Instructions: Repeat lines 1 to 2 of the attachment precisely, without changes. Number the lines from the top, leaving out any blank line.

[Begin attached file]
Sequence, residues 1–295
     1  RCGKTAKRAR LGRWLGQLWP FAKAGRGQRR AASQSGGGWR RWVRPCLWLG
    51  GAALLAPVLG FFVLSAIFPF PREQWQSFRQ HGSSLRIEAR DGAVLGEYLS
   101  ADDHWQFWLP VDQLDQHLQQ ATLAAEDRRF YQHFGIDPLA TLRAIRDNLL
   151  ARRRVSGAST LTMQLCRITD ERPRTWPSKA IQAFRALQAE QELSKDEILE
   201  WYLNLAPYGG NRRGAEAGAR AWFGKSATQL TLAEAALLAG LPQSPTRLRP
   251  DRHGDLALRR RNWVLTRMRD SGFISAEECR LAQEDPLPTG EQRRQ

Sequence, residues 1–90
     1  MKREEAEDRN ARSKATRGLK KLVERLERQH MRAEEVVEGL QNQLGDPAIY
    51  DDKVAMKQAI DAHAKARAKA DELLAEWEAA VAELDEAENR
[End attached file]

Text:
Sequence, residues 1–295
     1  RCGKTAKRAR LGRWLGQLWP FAKAGRGQRR AASQSGGGWR RWVRPCLWLG